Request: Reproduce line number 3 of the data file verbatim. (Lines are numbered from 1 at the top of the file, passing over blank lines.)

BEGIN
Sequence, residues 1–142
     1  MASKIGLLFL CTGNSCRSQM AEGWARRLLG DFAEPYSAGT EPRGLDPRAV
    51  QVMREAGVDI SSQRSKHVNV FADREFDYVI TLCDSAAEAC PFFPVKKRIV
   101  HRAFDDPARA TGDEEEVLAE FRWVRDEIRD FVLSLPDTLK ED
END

    51  QVMREAGVDI SSQRSKHVNV FADREFDYVI TLCDSAAEAC PFFPVKKRIV